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Hughscore Caveman Hughscore album cover
3.96 | 5 ratings | 1 reviews | 20% 5 stars

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Studio Album, released in 1995

Songs / Tracks Listing

1. A Rabbit Or A Lemon (6:34)
2. More Than Nothing (7:00)
3. Maja Raja (1:14)
4. Dee Dum (4:34)
5. Scooter Trash (3:20)
6. Dust My Mind (3:12)
7. Splinter Cat/Edorian (2:32)
8. A Small Seed (5:32)
9. Dedicated To You, But You Weren't Listening (1:14)
10. Virtual Cats (3:23)
11. Oregon Transplant (2:37)
12. Freak Control (2:19)
13. Extra Lung (3:42)
14. Sasquatch Elevator (1:13)
15. Panic (7:15)

Total Time: 57:05

Line-up / Musicians

- Hugh Hopper / fuzz bass, bass, double-speed basses, cats, wah feedback bass
- Elaine diFalco / vocals, accordion, piano, Fender Rhodes, wah Rhodes
- Fred Chalenor / basses, double speed bass, Fender Rhodes, pro one
- Henry Franzoni / drums, voice

Guest artists:
- Jen Harrison / French horn
- Michael Stirling / dijeridu

Releases information

CD Tim Kerr Records - TK94CD093 (1995)

Thanks to ProgLucky for the addition
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HUGHSCORE Caveman Hughscore ratings distribution

(5 ratings)
Essential: a masterpiece of progressive rock music(20%)
Excellent addition to any prog rock music collection(40%)
Good, but non-essential (40%)
Collectors/fans only (0%)
Poor. Only for completionists (0%)

HUGHSCORE Caveman Hughscore reviews

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Collaborators/Experts Reviews

Review by Dick Heath
4 stars Not so much Hugh 'throwing' this band together, rather NW USA Coast-based Caveman Shoestore inviting SE English Hopper and particularly his economical fuzz bazz, to play Canterbury in their form of Americana. As Hugh will tell you he hadn't played fuzz bass for 2 decades when this call came.

The Tim Kerr Records label which originally released the album, has long been associated with independent avante rock and fusion. However, the categorisation of fusion is misleading - several songs are quirky pop or post-rock, for goodness sake, (and have a look at some of those tune titles). This is Canterbury rock (that most English of progressive movements), strong tempered by American overtones. This point is clearly illustrated by Elaine DiFalco's take of Dedicated To You But You Weren't Listening, (the most covered Hugh Hopper and Soft Machine tune) - brought home, if you play Robert Wyatt's version from Soft Machine's Volume Two, back to back with it. There is a certain brittleness and economy about the tunes (as well as some brevity), for instance Splinter Cat told as a spoken short horror story with music, with amusing asides thrown in.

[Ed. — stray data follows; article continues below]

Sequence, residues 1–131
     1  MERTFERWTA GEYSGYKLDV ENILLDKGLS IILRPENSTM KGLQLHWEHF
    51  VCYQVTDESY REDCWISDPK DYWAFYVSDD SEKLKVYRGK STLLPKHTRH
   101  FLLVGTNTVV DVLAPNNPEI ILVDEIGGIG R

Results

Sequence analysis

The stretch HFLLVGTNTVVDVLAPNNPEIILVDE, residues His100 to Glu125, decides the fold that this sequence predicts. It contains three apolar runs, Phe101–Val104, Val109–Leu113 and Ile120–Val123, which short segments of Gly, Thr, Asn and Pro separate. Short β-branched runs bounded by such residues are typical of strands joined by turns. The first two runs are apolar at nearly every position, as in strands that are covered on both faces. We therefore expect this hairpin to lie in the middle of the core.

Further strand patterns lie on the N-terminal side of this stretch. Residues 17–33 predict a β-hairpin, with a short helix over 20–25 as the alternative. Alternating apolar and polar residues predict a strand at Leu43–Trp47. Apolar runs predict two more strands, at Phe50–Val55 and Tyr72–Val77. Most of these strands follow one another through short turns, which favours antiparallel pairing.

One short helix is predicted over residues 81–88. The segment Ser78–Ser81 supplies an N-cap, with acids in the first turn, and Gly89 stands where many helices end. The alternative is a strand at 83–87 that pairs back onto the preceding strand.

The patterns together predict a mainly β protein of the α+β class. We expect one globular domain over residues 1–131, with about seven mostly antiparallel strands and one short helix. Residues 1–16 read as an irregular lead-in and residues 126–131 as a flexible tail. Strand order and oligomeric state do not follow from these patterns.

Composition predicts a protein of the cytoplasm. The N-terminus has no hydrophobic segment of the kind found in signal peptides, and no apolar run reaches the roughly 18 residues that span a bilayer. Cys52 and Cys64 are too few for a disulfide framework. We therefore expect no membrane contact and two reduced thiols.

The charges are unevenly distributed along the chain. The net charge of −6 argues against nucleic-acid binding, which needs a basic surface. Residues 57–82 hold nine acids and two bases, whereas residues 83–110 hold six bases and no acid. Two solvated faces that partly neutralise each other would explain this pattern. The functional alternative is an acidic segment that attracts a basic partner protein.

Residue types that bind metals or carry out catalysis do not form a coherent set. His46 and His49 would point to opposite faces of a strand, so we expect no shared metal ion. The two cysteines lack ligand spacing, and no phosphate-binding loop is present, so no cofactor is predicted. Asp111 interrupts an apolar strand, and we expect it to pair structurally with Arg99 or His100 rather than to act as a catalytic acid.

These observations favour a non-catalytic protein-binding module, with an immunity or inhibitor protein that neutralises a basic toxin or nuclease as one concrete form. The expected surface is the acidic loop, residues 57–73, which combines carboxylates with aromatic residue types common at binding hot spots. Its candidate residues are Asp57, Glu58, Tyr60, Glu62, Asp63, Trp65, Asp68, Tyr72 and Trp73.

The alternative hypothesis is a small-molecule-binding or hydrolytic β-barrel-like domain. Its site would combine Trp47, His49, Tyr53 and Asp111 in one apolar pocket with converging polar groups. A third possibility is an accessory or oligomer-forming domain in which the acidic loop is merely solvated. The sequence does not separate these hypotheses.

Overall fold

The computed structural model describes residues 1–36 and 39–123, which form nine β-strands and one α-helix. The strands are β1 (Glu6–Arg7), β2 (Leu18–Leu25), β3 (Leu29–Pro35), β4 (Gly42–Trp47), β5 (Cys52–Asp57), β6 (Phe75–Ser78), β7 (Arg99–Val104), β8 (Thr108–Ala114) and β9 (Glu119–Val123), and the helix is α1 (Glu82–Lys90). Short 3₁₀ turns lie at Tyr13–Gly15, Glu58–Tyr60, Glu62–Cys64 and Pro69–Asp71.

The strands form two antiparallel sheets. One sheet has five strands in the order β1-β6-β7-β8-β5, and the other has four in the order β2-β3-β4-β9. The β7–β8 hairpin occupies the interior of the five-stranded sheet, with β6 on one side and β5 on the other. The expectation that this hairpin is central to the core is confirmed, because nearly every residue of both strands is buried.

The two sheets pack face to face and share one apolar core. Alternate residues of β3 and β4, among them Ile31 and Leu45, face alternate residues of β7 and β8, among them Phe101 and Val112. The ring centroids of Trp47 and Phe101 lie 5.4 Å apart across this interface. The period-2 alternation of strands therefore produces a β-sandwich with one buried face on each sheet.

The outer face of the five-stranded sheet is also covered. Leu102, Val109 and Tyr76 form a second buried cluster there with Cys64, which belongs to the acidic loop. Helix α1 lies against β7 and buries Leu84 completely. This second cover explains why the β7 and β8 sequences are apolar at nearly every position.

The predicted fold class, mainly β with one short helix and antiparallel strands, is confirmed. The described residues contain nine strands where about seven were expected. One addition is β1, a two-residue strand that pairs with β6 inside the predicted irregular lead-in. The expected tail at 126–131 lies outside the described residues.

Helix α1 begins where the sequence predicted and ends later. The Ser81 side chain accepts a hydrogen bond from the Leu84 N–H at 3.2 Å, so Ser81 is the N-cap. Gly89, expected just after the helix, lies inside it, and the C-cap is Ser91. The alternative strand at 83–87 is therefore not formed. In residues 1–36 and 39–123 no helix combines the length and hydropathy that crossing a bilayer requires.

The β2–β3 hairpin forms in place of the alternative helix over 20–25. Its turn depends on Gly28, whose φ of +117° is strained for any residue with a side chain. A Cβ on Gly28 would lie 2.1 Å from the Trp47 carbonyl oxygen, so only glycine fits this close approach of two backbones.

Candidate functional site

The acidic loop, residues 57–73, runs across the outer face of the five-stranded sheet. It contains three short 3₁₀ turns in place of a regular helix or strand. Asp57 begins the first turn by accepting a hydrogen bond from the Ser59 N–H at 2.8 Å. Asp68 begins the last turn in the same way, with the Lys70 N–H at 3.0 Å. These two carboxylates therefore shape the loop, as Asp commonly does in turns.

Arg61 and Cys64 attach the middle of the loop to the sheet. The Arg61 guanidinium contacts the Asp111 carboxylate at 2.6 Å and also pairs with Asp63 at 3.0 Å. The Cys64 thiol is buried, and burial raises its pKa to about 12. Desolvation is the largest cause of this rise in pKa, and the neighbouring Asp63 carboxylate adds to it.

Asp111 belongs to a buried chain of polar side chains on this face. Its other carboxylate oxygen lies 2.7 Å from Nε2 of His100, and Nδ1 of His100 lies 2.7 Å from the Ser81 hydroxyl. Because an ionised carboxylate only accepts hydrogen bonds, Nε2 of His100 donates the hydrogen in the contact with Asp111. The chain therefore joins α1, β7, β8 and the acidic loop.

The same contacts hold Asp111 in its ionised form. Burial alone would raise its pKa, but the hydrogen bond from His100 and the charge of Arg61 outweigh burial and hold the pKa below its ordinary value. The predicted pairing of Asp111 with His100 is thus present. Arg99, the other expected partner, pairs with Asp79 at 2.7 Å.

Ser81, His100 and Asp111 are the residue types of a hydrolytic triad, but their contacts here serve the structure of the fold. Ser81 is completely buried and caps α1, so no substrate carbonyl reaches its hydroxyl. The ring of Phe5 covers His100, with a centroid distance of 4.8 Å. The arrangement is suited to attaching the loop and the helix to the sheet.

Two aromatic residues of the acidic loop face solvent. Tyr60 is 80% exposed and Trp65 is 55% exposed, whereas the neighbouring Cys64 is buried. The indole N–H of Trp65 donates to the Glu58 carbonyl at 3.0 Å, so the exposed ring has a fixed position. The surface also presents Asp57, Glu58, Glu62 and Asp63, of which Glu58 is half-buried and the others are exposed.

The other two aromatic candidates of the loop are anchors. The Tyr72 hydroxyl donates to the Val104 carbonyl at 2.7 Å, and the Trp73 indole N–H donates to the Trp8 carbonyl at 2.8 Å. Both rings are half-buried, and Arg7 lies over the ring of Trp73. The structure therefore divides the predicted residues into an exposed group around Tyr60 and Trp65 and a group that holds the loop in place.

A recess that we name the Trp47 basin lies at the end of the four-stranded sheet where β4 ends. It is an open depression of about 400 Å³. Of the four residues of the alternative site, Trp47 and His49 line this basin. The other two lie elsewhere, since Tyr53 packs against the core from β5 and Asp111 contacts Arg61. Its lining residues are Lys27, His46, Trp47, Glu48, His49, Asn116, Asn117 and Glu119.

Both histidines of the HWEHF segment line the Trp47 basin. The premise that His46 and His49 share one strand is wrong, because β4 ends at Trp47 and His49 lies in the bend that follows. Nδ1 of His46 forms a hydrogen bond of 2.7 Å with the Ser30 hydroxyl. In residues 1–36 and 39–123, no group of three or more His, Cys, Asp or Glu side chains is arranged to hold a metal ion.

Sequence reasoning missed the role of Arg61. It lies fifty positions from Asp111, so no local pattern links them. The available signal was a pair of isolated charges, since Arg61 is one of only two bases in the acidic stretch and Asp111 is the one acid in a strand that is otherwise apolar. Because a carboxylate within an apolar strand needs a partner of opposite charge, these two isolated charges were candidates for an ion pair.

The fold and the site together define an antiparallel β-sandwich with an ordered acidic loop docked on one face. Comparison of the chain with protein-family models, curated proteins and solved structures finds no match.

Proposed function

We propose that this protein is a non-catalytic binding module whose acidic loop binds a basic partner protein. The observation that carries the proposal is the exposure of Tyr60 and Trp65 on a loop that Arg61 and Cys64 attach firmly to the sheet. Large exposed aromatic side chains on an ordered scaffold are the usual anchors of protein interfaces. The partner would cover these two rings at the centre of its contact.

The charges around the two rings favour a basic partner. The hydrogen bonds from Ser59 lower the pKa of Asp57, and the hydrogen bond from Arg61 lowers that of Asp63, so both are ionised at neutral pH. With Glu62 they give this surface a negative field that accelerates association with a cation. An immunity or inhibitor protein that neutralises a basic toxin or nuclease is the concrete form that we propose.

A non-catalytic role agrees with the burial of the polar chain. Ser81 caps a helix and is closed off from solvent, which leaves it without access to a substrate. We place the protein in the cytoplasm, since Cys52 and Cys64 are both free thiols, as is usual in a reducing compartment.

With the band compressing their name to Hughscore on subsequent albums, and with Hugh tending to record his part in Kent and the rest of the band 6000 or so miles away, then the tunes have become longer and more in keeping with the fusion terminology. However, for a very pleasant off the wall treat, start with this album.

And before our local system kicks in and suggests "if you like this band, you will like the albums of.....", I suggest checking out Hugh Hopper's and Robert Wyatt's solo albums and in particularly Amy Denio's recordings, as bassist and vocalist working separately with various members of Henry Cow.

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